"For religious exemptions, the military must essentially have evidence that this is a very strongly held belief that didn't just come up because of this particular vaccine," he said. "In the military, you take a lot of vaccines. Every single person has gotten a lot of shots."
Mr Kirby has said that military commanders will first "try to get these troops to make the right decision based on information and education".
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In instances of refusal, "they'll be given a chance to get more context from medical service providers as well as their chain of command", he said.
If those options are exhausted, "there could be disciplinary action", he added.
What are the potential consequences?
Troops could face a range of disciplinary measures ranging from administrative and non-judicial punishments to court martials.
The military has said that troops will be warned of potential consequences before any action is taken.
But even some of the least severe consequences – such as a formal letter of reprimand – could have an adverse impact on an individual's future assignments or chances of promotion, according to Victor Hansen, a former Army Judge Advocate General and professor at New England Law – Boston.
The problem is that letters of reprimand wouldn't address the underlying issue of unvaccinated personnel remaining in the ranks, Mr Hansen said.
"If there's an unvaccinated soldier, they're not deployable," he said. "The real question is going to be how to get them out, and the military has a lot of administrative tools to do so short of a court martial."
Some services have been clear that they will remove personnel who refuse the vaccine. In late October, for example, guidance sent to Marines warned that those who refuse the vaccine and have not received an exemption "shall be processed for administrative separation".
In November, the Army followed suit, with Army Secretary Christine Wormuth warning active-duty soldiers, reservists, and Guardsmen in a memo that they will be "flagged" and barred from re-enlistment, promotions, and most Army schools.
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The harshest punishments are likely to be reserved for personnel who are "more blatant in their disobedience", such as by lobbying other troops to refuse the vaccine, Mr Hansen added.
"That's undermining good order and discipline by encouraging other soldiers to disobey the order," he said. "That gets at the heart of military organisation…I can imagine a command might take a strict response to that to send a message to others."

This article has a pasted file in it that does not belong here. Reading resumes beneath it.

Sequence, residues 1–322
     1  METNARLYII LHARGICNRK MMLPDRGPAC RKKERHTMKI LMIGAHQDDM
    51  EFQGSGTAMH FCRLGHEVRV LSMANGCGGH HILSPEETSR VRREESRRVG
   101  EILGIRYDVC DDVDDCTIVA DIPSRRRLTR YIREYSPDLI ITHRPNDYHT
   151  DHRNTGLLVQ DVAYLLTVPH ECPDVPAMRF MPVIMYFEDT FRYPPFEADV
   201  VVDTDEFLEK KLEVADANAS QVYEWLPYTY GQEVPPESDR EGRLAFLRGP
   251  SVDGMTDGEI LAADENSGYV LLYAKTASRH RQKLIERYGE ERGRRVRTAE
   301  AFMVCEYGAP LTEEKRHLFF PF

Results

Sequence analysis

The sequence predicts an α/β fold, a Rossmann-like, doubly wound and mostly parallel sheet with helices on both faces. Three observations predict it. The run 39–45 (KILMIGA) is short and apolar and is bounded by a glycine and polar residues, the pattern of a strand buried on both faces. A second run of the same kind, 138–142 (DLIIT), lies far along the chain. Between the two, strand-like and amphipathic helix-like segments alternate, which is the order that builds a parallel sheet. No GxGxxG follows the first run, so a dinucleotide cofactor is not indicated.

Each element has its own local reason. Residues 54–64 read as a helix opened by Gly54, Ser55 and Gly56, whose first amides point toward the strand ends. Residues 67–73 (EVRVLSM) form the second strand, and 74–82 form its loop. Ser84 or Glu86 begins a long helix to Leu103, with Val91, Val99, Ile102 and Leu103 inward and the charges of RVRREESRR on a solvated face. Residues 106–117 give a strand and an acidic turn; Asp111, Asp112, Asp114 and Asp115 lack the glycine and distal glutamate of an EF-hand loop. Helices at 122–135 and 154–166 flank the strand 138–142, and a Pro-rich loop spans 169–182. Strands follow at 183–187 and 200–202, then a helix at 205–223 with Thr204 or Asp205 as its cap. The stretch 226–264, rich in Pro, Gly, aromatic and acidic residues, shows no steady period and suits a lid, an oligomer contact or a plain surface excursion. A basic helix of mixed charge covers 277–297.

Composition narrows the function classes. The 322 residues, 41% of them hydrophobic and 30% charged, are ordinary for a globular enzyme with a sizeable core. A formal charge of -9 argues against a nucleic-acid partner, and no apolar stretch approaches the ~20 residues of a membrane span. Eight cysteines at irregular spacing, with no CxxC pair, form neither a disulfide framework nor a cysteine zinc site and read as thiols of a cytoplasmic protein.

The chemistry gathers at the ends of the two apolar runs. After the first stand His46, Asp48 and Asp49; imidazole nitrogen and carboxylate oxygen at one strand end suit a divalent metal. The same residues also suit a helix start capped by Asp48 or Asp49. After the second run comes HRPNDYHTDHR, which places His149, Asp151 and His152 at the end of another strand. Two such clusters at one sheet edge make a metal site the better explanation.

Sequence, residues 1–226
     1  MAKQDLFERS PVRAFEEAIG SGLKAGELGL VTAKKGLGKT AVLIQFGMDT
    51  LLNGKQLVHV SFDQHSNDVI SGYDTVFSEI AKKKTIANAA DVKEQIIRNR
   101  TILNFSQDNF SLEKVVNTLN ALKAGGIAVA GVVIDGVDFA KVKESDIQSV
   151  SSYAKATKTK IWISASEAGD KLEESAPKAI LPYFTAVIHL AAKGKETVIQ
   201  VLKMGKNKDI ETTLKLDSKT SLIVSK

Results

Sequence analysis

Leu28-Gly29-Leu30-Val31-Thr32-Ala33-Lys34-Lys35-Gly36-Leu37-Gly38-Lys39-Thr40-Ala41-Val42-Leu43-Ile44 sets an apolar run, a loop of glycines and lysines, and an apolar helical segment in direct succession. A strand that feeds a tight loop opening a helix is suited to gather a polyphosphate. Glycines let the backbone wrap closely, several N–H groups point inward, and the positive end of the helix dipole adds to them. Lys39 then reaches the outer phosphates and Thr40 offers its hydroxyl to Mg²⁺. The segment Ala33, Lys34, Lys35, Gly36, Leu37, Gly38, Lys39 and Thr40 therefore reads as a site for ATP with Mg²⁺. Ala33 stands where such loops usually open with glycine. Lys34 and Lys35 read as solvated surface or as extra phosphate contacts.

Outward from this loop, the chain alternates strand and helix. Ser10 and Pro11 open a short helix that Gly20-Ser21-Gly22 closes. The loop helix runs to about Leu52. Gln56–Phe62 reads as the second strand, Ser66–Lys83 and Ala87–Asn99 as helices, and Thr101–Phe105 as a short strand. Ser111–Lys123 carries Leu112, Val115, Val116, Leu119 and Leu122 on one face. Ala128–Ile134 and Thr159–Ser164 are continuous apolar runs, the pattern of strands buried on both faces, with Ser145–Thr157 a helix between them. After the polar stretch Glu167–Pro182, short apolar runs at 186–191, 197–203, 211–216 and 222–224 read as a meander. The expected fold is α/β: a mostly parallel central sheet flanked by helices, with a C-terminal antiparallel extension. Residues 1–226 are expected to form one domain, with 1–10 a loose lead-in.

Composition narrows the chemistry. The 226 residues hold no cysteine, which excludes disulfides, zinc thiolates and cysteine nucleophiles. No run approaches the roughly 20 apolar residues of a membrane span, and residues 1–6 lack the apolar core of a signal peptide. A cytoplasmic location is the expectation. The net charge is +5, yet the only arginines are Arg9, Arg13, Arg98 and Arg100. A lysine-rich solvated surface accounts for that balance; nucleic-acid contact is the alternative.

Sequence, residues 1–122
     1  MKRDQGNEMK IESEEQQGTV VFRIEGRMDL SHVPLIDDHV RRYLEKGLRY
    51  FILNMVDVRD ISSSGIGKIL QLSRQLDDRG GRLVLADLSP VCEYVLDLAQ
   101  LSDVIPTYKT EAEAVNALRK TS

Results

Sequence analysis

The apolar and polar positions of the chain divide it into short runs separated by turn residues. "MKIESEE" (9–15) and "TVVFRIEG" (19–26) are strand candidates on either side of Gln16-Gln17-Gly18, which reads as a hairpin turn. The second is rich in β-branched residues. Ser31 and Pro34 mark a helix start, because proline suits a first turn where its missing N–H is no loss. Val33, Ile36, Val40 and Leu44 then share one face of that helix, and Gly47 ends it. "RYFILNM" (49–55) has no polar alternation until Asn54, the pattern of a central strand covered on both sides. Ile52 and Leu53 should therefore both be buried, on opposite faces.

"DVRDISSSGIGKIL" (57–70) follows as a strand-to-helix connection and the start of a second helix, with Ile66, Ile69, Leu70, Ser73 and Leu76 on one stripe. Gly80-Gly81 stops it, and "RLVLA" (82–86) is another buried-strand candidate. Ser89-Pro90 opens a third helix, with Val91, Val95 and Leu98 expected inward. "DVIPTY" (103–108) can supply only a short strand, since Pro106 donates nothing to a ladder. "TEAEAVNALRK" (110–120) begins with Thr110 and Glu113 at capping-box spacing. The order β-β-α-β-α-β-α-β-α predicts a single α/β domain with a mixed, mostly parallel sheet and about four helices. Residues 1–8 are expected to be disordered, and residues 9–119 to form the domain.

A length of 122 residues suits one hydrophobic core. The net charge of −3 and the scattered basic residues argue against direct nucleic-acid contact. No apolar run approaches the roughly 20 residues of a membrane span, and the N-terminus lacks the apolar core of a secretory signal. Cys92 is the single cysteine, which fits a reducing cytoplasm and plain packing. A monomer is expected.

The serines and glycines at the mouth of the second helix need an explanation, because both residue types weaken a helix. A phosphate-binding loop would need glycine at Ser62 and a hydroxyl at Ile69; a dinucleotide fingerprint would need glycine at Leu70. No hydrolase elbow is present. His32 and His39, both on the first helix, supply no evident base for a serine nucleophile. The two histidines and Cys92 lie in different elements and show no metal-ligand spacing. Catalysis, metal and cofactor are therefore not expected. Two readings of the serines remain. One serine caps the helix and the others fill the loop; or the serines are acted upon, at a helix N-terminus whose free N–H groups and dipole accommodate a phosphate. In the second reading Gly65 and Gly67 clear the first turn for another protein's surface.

In the case of the US Navy, an administrative message released on 13 October said that active-duty personnel who are not fully vaccinated and do not have an exemption will be forced out of the service after their case is sent to a newly established "Covid Consolidation Disposition Authority".
Additionally, a spokesman for the Chief of Naval Personnel said that sailors may have to repay bonuses, special pay, and some training costs if they refuse vaccinations.
Although Mr Hanzel thinks vaccine-related court martials are unlikely, they can "certainly happen" under certain circumstances.
A court-martial conviction is equivalent to a civilian felony conviction in a federal court or a state criminal court.
"If there are enough refusals, at some point it would not surprise me if that did happen to someone," he said.
What is the impact of vaccines on military readiness?
Experts say that ensuring compliance with vaccination mandates is crucial for the US military to be able to conducts its missions around the world.
"The military goes to great efforts to ensure that soldiers are deployable, from dental examinations to physical fitness and financial circumstances," Mr Hansen said.
"A soldier who is not vaccinated and put into close quarters with other soldiers has a potentially really detrimental effect on military readiness. It's a no brainer."
As an example, Mr Hansen pointed to the USS Theodore Roosevelt, a US Navy aircraft carrier on which more than 1,000 sailors contracted Covid-19 early in the pandemic. One sailor died of the virus.
"That's why the vaccination efforts are full steam ahead. That's the heart of military readiness."